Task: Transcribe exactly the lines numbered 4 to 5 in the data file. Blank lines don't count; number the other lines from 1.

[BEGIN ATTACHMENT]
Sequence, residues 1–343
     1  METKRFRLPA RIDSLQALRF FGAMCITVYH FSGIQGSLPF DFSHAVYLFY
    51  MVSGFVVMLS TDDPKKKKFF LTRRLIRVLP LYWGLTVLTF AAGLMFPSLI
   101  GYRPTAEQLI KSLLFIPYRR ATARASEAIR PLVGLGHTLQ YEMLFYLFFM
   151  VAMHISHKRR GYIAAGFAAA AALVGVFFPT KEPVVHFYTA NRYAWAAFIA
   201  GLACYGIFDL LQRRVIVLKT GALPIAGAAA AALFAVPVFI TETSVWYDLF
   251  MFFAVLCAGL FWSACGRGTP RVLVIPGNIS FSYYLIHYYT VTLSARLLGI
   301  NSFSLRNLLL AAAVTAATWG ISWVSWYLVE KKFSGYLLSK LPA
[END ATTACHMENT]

   101  GYRPTAEQLI KSLLFIPYRR ATARASEAIR PLVGLGHTLQ YEMLFYLFFM
   151  VAMHISHKRR GYIAAGFAAA AALVGVFFPT KEPVVHFYTA NRYAWAAFIA